2018-01-18 02:21:22 UTC
Monday, three states celebrate another man as well.
In Arkansas, Alabama and Mississippi, the slain civil rights
leader shares a state holiday with Robert E. Lee, commanding
officer of the Confederate Army.
The two figures seem to coexist in the very fabric of the
Arkansas' capital city, where streets bear each of their names.
The large number of events celebrating King's life always
outweigh the nearly silent response to the Confederate general,
said state Sen. Tracy Steele. He said some hope to separate the
overlapping honors for Lee and King.
"It certainly has been discussed. In past years, there's not
been the type of community outcry or internal legislative
support to get it done," said Steele, D-North Little Rock. "But
it does seem the question comes up every year."
The pull of Civil War history, particularly the Confederacy,
remains strong in Arkansas. Hats, T-shirts and pickup truck back
windows still bear the "bars and stars" of the Confederate
The Arkansas Democrat-Gazette, the state's largest newspaper,
typically runs a long editorial noting the general's birthday
each year. King receives a similar tribute.
In its Lee tribute last year, the newspaper's editorial page
read: "Despite his legend, the general could not command events
yet he remained in full command of his response to those
events. Which is why not all the rains that have come and gone
since his time have been able to wash out the single name that
still sums up whatever is best in us and in this, our ever
fecund, always forgiving South: Lee."
Lee, born 201 years ago, received the honor of having a county
in eastern Arkansas named after him during Reconstruction.
Another county in Arkansas is named for Lee's adversary,
president and former Union Gen. Ulysses S. Grant.
The commemoration of Lee's birth dates to 1943, when Arkansas
legislators declared it one of several "memorial days" the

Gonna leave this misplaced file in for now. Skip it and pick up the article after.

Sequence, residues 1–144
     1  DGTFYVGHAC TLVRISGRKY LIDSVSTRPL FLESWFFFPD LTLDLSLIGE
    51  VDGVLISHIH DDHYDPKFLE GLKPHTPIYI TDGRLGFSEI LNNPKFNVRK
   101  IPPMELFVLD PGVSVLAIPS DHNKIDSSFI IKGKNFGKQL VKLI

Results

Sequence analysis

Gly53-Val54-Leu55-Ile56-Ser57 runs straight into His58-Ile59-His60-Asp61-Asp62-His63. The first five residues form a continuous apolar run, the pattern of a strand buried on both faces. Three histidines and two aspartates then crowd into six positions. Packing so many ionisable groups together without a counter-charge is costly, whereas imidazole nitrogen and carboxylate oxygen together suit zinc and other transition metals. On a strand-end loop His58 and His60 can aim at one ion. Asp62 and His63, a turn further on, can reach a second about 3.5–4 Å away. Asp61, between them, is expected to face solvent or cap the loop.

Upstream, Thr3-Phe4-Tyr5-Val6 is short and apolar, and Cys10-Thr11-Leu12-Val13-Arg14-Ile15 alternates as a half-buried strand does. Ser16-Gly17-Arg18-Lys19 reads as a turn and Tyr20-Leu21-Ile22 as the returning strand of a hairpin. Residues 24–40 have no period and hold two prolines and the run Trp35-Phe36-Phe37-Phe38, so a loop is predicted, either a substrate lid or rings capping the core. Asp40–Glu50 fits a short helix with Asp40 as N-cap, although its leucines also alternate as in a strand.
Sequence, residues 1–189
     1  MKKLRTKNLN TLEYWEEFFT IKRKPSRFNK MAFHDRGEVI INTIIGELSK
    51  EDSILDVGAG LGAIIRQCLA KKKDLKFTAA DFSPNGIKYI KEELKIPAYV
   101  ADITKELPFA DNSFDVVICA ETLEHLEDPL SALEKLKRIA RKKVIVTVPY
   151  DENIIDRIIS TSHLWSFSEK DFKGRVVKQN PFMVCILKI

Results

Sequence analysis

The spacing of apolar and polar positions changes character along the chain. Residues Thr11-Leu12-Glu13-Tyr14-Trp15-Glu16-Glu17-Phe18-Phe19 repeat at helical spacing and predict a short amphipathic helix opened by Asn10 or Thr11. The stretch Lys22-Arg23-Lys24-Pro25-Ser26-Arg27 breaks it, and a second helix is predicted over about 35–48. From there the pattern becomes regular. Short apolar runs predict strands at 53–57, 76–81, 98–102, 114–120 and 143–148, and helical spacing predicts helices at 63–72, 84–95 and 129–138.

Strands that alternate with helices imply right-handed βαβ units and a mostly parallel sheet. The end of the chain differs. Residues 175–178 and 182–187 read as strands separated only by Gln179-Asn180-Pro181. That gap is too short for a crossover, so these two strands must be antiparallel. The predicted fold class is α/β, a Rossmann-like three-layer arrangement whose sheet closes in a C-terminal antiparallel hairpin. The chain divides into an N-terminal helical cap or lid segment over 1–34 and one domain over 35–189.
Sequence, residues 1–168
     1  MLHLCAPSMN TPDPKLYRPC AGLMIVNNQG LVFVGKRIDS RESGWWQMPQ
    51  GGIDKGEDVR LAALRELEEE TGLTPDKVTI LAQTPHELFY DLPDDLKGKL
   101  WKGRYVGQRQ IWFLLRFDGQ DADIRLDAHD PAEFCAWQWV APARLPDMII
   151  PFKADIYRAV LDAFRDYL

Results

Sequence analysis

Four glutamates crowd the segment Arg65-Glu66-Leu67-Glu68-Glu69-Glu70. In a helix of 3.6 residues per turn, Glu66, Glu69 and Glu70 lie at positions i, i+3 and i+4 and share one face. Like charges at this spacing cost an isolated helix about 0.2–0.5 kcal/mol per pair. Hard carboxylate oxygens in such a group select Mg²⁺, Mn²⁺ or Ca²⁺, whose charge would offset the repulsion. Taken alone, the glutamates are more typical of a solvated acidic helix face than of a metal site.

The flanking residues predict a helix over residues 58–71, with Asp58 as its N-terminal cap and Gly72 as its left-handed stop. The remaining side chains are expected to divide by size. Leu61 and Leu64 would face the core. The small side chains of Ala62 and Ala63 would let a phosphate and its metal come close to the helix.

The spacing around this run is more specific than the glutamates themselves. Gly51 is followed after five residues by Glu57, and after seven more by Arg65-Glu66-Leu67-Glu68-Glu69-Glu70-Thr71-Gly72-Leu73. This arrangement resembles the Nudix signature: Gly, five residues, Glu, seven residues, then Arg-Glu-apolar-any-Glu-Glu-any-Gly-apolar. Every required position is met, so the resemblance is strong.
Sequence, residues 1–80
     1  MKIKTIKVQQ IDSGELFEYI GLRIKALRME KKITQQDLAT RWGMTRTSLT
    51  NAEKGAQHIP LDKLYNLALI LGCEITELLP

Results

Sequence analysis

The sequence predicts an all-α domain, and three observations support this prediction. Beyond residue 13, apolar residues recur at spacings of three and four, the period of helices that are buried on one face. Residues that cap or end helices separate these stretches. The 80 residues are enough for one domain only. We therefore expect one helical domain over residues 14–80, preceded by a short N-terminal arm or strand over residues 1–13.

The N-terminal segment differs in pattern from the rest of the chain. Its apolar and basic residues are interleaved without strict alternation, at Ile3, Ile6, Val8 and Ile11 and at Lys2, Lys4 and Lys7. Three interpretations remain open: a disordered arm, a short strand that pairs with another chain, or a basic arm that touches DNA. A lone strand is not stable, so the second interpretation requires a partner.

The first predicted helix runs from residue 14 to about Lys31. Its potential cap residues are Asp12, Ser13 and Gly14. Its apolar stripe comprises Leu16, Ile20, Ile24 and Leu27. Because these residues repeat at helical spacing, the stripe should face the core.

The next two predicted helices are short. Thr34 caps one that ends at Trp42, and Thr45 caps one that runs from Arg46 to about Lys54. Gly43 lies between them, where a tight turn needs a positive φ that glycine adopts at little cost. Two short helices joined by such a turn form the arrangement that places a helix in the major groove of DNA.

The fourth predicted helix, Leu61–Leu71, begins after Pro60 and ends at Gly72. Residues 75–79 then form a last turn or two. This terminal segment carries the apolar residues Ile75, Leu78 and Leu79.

governor would commemorate by a proclamation. In 1947,
legislators amended the law to name Jan. 19 a legal holiday in
honor of the general.
In 1983, lawmakers voted to recognize King Day as an official
state holiday, but required state employees to choose which two
holidays they wanted off either King's birthday on Jan. 15,
Lee's birthday on Jan. 19 or the employee's birthday.
During the next regular legislative session in 1985, they voted
to combine King and Lee's holiday commemorations for the third
Monday in January. Employees got to keep their birthdays as a
When Democratic Gov. Mike Beebe was asked if he would attend a
Lee event, Beebe said he "wasn't aware of any." He deferred when
asked if the state should cede the day to King alone.
"The Legislature has to make the decision," Beebe told The
Associated Press. "As a practical matter, virtually all the
celebrations have been centered around MLK."
In 1997, a spokesman for then-Gov. Mike Huckabee said that both
men should be honored. Huckabee, currently running for the
Republican presidential nomination, in 1999 signed the bill that
gave the Legislature a holiday on King Day.
"They're both heroes. Their birthdays come the same week and you
know the government likes to have holidays at the start of the
week," spokesman Rex Nelson said then.
But the president of the Arkansas chapter of the National
Association for the Advancement of Colored People said in 1997
that it seemed inappropriate to honor King on the same day.
"Dr. King worked hard to unify the country," Dale Charles said.
"I wouldn't say General Lee would be in the same notion of
Martin Luther King. He was a great general and all, but he
didn't come close to what Martin Luther King was about."
Arkansas also has another combination commemoration. On
President's Day the third Monday in February the state
recognizes Daisy Gaston Bates, who mentored the nine black
students who integrated Little Rock Central High School under
Army guard in 1957.